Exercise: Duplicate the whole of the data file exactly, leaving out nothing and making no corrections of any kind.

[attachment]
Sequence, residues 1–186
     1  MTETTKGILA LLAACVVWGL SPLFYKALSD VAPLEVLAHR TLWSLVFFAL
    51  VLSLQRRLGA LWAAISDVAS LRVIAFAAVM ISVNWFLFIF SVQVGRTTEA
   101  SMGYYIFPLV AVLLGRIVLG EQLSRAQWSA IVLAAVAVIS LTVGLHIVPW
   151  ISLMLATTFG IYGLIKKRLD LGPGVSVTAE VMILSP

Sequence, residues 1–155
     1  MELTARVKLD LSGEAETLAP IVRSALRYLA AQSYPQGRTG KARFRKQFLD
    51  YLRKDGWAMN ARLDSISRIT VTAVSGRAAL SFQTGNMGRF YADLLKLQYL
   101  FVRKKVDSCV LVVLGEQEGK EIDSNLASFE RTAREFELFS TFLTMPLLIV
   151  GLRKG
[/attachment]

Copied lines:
Sequence, residues 1–186
     1  MTETTKGILA LLAACVVWGL SPLFYKALSD VAPLEVLAHR TLWSLVFFAL
    51  VLSLQRRLGA LWAAISDVAS LRVIAFAAVM ISVNWFLFIF SVQVGRTTEA
   101  SMGYYIFPLV AVLLGRIVLG EQLSRAQWSA IVLAAVAVIS LTVGLHIVPW
   151  ISLMLATTFG IYGLIKKRLD LGPGVSVTAE VMILSP

Sequence, residues 1–155
     1  MELTARVKLD LSGEAETLAP IVRSALRYLA AQSYPQGRTG KARFRKQFLD
    51  YLRKDGWAMN ARLDSISRIT VTAVSGRAAL SFQTGNMGRF YADLLKLQYL
   101  FVRKKVDSCV LVVLGEQEGK EIDSNLASFE RTAREFELFS TFLTMPLLIV
   151  GLRKG